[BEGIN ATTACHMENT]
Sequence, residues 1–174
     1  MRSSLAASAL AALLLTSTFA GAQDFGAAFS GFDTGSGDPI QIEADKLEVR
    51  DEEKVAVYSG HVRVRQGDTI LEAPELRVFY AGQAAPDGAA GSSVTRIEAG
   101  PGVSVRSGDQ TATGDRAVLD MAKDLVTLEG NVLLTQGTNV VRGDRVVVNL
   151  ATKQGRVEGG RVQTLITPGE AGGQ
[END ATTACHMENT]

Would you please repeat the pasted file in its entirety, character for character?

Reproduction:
Sequence, residues 1–174
     1  MRSSLAASAL AALLLTSTFA GAQDFGAAFS GFDTGSGDPI QIEADKLEVR
    51  DEEKVAVYSG HVRVRQGDTI LEAPELRVFY AGQAAPDGAA GSSVTRIEAG
   101  PGVSVRSGDQ TATGDRAVLD MAKDLVTLEG NVLLTQGTNV VRGDRVVVNL
   151  ATKQGRVEGG RVQTLITPGE AGGQ